New Report by Kroll Shows a Dramatic Rise in Phishing Attacks for Q1 2022

The first quarter of 2022 saw employees on the frontline of cyber defense. Despite a 20% decrease in ransomware attacks during Q1, the number of incidents was still up by 20%. Kroll’s Threat Landscape Report the number of phishing attacks has increased by 54% since the end last year.

Ransomware and email compromise were the most prevalent threat types in the quarter. Email compromises increased by 19% since December. Professional services were still the most targeted sector. However, incidents in manufacturing increased by 33%, with 68% of them involving ransomware.

These data reflect a continuing trend as seen by Kroll email compromises have been used by attackers to obtain financial extortion as an initial access method since mid-2021. This has put employees in the crosshairs of cyberattackers.

A phishing email was sent out to an IT department. An end-user clicked the link, and then entered their login credentials. They gained access to the global admin credentials of the threat actor, which allowed them to gain access to the system, access multiple email accounts belonging C-level IT employees, and download sensitive information. Employees were sent a ransom note demanding payment in order to end the attack. They also targeted them via email, text, and social media. It is notable that no encryption or ransomware was used in this attack.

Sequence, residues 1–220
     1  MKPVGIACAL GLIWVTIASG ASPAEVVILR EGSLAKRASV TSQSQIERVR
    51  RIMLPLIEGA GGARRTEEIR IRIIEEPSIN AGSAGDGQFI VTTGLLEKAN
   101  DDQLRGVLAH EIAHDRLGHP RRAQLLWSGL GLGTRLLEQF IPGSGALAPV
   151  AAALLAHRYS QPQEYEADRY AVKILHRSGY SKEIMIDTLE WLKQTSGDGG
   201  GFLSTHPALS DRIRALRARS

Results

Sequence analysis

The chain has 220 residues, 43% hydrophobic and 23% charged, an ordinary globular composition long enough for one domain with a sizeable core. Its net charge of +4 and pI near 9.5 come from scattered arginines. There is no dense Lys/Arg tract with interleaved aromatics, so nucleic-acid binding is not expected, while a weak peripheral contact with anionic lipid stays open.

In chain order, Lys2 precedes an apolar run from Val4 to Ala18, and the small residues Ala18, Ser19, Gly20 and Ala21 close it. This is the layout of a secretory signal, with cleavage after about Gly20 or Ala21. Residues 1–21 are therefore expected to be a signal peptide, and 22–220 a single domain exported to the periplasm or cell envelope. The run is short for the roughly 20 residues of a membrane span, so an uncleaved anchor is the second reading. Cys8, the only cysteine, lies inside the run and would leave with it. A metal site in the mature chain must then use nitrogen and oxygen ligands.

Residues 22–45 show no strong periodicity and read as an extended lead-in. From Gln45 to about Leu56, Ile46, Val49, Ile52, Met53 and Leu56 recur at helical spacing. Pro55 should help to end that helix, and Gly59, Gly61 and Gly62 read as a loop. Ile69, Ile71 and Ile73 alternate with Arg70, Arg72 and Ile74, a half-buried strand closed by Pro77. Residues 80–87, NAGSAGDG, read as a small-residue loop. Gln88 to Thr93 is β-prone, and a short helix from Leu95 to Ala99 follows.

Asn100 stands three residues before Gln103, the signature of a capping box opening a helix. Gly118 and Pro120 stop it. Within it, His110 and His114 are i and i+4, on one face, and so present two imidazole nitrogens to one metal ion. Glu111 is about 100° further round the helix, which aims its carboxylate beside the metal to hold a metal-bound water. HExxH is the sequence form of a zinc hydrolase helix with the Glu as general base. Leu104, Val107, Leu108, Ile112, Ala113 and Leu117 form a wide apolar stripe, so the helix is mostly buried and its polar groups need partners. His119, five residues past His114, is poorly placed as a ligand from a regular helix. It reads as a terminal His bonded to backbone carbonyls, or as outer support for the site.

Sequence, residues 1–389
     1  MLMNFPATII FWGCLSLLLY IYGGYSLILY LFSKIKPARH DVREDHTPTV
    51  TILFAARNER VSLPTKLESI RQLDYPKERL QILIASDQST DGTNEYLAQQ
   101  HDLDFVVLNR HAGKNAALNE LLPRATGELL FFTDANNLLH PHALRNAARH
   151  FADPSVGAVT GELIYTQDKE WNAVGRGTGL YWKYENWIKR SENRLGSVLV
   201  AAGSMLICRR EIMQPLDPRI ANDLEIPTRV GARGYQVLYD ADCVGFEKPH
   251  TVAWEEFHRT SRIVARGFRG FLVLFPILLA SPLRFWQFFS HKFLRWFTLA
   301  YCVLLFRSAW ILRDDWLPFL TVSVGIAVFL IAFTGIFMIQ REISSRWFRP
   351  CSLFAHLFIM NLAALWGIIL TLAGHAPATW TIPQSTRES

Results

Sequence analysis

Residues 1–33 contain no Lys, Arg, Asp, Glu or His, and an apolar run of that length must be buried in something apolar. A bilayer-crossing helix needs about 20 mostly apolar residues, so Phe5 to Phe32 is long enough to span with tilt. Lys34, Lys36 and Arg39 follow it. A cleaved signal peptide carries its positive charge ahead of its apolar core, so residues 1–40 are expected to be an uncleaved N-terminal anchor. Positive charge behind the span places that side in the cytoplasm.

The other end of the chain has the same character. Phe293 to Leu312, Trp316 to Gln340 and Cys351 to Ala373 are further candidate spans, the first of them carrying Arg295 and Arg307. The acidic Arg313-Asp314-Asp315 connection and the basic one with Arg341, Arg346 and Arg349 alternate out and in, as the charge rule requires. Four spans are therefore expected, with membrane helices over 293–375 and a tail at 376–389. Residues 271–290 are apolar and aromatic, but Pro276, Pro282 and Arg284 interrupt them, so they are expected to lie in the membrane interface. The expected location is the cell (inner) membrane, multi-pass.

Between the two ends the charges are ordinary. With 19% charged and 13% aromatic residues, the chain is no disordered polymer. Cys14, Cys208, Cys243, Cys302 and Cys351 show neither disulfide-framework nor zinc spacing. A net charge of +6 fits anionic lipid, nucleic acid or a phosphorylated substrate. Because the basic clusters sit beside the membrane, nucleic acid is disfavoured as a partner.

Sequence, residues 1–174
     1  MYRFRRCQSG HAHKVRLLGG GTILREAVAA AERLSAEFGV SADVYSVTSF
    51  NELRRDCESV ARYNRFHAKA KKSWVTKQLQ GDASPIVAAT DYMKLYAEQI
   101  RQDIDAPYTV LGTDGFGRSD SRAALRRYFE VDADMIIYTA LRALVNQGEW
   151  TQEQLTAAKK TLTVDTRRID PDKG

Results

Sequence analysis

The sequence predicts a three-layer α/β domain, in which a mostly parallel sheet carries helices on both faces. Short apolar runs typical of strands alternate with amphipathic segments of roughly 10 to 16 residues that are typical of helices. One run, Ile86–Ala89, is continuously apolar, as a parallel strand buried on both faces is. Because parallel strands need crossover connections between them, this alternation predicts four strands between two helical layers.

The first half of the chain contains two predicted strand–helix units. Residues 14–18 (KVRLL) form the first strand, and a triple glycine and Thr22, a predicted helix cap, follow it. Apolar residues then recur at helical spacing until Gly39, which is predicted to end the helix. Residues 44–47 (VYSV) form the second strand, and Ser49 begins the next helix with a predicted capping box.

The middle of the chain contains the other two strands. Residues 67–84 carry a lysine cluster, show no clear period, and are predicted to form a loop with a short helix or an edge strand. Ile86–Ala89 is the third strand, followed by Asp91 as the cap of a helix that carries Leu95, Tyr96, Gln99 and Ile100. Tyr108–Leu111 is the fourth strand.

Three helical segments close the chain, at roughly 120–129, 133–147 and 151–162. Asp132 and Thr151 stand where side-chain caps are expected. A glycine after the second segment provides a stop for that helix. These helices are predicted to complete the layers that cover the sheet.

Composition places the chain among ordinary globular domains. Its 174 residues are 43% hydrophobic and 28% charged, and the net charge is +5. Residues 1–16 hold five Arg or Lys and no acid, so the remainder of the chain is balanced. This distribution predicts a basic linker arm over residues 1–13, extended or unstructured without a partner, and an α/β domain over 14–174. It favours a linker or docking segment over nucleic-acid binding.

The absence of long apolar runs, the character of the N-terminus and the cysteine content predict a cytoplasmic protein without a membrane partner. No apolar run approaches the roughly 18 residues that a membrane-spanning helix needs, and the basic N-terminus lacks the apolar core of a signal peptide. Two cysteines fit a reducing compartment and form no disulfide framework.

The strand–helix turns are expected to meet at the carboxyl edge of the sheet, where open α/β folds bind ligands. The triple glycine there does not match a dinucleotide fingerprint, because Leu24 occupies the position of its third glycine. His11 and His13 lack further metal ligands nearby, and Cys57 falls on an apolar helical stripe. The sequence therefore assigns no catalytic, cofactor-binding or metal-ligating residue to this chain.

Laurie Iacono, Associate Manager for Cyber Risk at Kroll.: “Employees are undoubtedly an important line of defense for any company. Employees must be more aware of cyber threats and companies should encourage employees to raise concerns and report suspicious incidents. Our latest Kroll Threat Landscape Report underlines this more than ever, as in the last quarter employees faced not only phishing attacks but email compromises which lead to extortion or the introduction of malware.”

“Of further note in the Kroll Threat Landscape report was the continued use of relatively recently exposed vulnerabilities. 2021 will be remembered by many as the year of vulnerability. But 2022, in particular the first quarter, is going to be remembered as the decade when threat actor groups, such as ransomware criminal gangs, exploited those vulnerabilities for more severe attacks. For instance, while most activities around Log4j exploitation in Q4 2021 revolved around cryptominers, threat actors from multiple ransomware gangs leveraged the vulnerability to set the stage for network encryption in Q1 2022.”

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